Airlines across the European Union are no longer allowed to pack empty passenger planes with cargo, in a further sign that the aviation industry is recovering from the pandemic.
The temporary exemption to allow so-called ‘preighting’ – using passenger planes to transport freight – was introduced during the pandemic as passenger flows dried up while governments scrambled to transport masks and other medical protective gear across the globe.
However, the European air safety watchdog has now decided the practice end, banning airlines from any further ‘preighter’ services.
“Air cargo services had been vital for the economy and for coping with logistical challenges linked to the Covid-19 pandemic due to the reduction of cargo transported in the holds of passenger commercial planes,” the European Air Safety Agency (EASA) explained in a memo.
“Airlines rush to build back passenger capacity lost during the pandemic.”EASA statement
“During the peak of the pandemic, when almost all long haul operation had been suspended, there was a need to support the logistic chain with a solution to increase the cargo capacity using passenger aircraft to transport cargo on the main deck.”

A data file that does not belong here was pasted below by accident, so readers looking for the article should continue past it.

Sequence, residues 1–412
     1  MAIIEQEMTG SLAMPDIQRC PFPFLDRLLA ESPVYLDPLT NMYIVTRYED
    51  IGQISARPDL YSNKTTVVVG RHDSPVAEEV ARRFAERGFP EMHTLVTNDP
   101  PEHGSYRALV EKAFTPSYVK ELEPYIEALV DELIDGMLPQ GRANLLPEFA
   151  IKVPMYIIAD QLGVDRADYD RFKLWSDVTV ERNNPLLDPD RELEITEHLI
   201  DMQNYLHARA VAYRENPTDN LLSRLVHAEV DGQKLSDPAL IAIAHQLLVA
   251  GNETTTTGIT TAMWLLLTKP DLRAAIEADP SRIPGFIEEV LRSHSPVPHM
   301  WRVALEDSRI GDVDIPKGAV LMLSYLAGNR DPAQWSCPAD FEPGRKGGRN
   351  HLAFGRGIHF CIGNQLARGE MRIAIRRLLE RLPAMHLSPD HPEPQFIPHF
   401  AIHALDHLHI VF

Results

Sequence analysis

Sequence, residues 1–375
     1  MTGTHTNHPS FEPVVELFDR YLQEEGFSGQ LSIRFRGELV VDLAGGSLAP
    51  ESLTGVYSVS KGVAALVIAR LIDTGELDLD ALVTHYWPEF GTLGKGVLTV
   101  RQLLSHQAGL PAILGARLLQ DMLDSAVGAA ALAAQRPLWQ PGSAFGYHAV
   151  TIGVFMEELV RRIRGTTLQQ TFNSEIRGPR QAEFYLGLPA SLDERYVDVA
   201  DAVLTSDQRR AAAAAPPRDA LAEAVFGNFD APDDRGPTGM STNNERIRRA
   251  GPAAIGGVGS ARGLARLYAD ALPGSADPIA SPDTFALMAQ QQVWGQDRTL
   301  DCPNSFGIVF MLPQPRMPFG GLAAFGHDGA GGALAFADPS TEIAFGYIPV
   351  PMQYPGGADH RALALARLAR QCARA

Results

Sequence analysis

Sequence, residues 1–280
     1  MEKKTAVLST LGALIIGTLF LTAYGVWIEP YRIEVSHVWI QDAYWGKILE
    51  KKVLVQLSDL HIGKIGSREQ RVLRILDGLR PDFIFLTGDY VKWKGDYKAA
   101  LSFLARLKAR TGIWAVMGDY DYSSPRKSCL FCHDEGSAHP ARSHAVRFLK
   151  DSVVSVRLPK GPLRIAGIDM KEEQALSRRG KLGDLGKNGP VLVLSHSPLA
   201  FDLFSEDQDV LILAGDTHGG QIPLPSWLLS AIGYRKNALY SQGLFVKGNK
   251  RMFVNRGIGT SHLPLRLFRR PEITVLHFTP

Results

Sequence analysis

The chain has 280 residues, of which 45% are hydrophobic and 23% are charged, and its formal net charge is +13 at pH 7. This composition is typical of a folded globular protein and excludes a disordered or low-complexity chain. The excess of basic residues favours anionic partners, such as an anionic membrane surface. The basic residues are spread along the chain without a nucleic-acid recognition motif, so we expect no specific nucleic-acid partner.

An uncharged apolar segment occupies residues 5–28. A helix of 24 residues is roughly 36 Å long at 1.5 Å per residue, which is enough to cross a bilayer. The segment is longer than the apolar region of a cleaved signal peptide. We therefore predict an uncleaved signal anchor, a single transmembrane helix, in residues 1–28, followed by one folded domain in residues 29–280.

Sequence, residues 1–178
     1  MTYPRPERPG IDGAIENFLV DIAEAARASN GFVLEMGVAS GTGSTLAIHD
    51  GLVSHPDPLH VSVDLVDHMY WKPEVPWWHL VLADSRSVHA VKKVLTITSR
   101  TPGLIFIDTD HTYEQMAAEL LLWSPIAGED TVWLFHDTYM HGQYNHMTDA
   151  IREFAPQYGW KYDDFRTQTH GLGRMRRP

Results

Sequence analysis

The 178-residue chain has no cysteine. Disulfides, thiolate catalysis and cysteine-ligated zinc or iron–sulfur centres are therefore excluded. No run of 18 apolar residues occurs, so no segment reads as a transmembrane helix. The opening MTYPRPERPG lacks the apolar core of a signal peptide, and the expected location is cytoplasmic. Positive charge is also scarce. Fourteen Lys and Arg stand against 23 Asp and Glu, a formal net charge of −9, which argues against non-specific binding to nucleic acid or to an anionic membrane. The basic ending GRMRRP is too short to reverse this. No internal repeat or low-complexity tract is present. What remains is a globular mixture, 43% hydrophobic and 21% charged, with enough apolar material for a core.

“That is no longer the case, however, as airlines rush to build back passenger capacity lost during the pandemic. Airlines are pressing aircraft back into service and there is now sufficient cargo capacity in the belly hold of normal passenger services,” EASA said.
“Following a review of the operational context for transport of cargo in the passenger cabin, the agency has concluded that the logistical challenges that arose in 2020 as a result of the COVID-19 crisis no longer exist to the same extent,” the statement read.
Going forward, cargo services can solely be offered by making space in the belly hold of regular passenger planes or dedicated freight aircraft.
During the pandemic, airlines made decent money on preighting services, according to a report by aviation publication Paddle Your Own Kanoo.
Dubai-based Emirates Airlines even went as far to convert a number of its gigantic Airbus A380 planes into so-called ‘mini freighters’, ripping out sections of passenger seats so larger cargo could be loaded.